2) Also published in JAVMA 2001:218:43-47 by Yeon, Flanders, Scarlett et al., 39/98 owners whose cats underwent elective onychectomy or tendonectomy were contacted two months to five years (median 11.5 months) after surgery. 17 (44%) of declawed cats returned to normal within three days, 35 (90%) within two weeks. 31 (80%) had more than one medical complication. 13 (33%) developed at least one behavior problem. 6 (15.4%) would not use the litter box and 7 (17.9%) had an increase in biting habits or intensity.
3) Also published by Patronek (with Glickman and Beck, et al.) in JAVMA 1996:209:582-588. Summary: Case-control study of owned and relinquished cats involving a random digit dial survey of cat owners. Prevalence of declawing was 45% (476/1056) in the owned cat population. In the univariate analysis, declawed cats were at decreased risk of relinquishment compared to non-declawed cats (OR=0.63; 95% CI 0.45-0.87). After adjustment in a multivariate model, declawed cats were at an increased risk of relinquishment (OR=1.89;1.00-3.58); this reversal made the effect of declawing difficult to interpret. Among 218 cats relinquished to a shelter, more (44/84; 52.4%) declawed cats than non-declawed cats (39/134; 29.1%) were reported by owners to have inappropriate elimination (p=0.022).
4) Landsberg GM. Cat owners’ attitudes toward declawing. Anthrozoos 1991;4:192-197. Summary: Retrospective mail survey of veterinarians. 320/400 returned questionnaires. 196/250 (78.4%) did not advocate declawing and only did it on request. 104/221(47%) veterinarians' recollections indicated no problems, 55 (24.9%) reported nail regrowth, and 22 (9.9%) reported additional long term problems.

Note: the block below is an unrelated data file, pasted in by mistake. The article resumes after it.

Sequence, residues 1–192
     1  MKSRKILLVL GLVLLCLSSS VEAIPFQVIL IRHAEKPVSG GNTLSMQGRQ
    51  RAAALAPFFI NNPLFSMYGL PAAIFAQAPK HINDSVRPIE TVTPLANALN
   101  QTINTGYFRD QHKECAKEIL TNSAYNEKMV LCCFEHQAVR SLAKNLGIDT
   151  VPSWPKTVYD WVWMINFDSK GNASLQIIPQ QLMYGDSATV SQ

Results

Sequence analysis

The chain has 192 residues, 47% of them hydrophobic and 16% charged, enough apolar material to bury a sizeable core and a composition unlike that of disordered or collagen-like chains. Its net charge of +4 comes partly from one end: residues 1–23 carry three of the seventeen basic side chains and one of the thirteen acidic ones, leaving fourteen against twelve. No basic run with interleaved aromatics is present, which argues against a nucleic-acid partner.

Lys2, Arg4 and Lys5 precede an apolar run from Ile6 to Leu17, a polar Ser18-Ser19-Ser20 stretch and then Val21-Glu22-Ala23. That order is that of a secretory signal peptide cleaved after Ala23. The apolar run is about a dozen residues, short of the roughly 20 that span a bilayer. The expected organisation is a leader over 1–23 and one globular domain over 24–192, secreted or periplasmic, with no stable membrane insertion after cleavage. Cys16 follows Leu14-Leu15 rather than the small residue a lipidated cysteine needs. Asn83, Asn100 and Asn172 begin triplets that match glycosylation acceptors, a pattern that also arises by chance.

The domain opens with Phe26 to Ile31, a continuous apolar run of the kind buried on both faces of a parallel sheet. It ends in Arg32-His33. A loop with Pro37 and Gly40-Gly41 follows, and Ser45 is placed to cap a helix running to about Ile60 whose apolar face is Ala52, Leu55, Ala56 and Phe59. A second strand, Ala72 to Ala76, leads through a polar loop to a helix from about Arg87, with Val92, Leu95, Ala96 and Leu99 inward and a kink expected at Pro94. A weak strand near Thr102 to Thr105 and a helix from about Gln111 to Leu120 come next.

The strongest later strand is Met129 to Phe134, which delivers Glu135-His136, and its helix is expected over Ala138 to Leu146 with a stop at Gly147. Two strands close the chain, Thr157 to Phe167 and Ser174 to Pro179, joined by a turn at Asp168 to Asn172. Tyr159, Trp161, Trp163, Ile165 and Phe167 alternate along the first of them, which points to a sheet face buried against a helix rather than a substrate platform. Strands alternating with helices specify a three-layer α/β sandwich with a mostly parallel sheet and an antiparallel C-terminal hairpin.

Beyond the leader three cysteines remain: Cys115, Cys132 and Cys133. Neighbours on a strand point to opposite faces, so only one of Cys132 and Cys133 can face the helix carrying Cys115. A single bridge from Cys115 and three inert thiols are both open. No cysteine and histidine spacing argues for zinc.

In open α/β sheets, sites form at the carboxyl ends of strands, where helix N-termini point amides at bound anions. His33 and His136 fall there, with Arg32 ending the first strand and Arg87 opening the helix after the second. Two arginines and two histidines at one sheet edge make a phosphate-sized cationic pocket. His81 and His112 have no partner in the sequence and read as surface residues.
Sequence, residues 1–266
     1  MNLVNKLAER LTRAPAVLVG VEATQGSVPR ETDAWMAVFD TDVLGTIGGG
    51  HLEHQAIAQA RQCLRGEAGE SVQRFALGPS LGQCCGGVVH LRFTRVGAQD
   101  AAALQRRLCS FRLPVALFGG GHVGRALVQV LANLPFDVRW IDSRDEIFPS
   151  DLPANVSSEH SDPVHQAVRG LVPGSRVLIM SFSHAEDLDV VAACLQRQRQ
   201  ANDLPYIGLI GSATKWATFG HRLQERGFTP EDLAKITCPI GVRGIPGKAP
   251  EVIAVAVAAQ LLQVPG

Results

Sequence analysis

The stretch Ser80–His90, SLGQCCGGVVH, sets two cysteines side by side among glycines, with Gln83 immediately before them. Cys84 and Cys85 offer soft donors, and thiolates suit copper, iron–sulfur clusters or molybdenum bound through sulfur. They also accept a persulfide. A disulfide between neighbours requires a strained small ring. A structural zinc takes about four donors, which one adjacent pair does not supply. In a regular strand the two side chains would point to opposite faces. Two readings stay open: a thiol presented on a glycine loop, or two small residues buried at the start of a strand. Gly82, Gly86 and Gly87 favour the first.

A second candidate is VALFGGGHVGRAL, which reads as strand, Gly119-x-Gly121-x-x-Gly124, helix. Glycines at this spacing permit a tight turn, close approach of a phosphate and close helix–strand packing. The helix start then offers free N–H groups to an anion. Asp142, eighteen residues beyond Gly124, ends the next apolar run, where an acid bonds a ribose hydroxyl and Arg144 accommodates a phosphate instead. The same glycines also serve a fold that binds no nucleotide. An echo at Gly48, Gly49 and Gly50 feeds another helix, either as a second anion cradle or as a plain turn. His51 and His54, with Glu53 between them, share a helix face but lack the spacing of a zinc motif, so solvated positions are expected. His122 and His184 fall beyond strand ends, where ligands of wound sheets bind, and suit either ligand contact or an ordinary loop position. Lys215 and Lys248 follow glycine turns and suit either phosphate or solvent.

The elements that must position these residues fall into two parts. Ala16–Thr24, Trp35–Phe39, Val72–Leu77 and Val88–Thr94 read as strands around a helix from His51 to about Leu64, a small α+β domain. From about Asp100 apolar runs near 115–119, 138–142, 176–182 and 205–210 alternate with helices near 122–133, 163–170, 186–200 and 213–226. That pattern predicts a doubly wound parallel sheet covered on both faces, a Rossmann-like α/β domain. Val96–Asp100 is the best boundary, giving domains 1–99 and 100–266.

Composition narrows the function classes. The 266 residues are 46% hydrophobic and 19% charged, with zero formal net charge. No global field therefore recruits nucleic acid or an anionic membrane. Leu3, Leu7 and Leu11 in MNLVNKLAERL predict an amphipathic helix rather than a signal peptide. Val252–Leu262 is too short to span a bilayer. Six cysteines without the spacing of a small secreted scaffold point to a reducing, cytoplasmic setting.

5) A national survey conducted by the Caddo Parrish Forgotten Felines and Friends indicated that approximately 70% of cats turned into shelters for behavioral problems are declawed.
There is enough of a body of evidence out there that there are problems with declawing that 23 countries around the world have banned the surgery unless medically necessary for the cat, and here in the U.S. two communities, West Hollywood, CA and Norfolk, VA have banned declawing.
While it may be that one of the studies indicated that “87% of owners had a positive attitude about it,” the facts as published in JAVMA stated that 33% of the declawed cats developed at least one behavior problem (where 15.4% would not use the litter box and 17.9% had an increase in biting habits or intensity) with the median follow-up having been almost a year after the surgery.
Of course the non-declawed cat population may also have a problem with inappropriate elimination and biting – but the statistics above refer to changes in the cats' behavior after declawing. And the numbers involved are not 2% or 3%, so there is, in fact, empirical evidence of problems associated with declawing, published by JAVMA itself, and this evidence indicates not only short term, but long term problems.
Please take this information under advisement and reconsider your policy of declawing all cats prior to adoption.
Cats use their claws, and cat owners now have many tools to help them accommodate that, and to direct appropriate use. There is a reason for the AVMA’s position on declawing, and it is being borne out in research.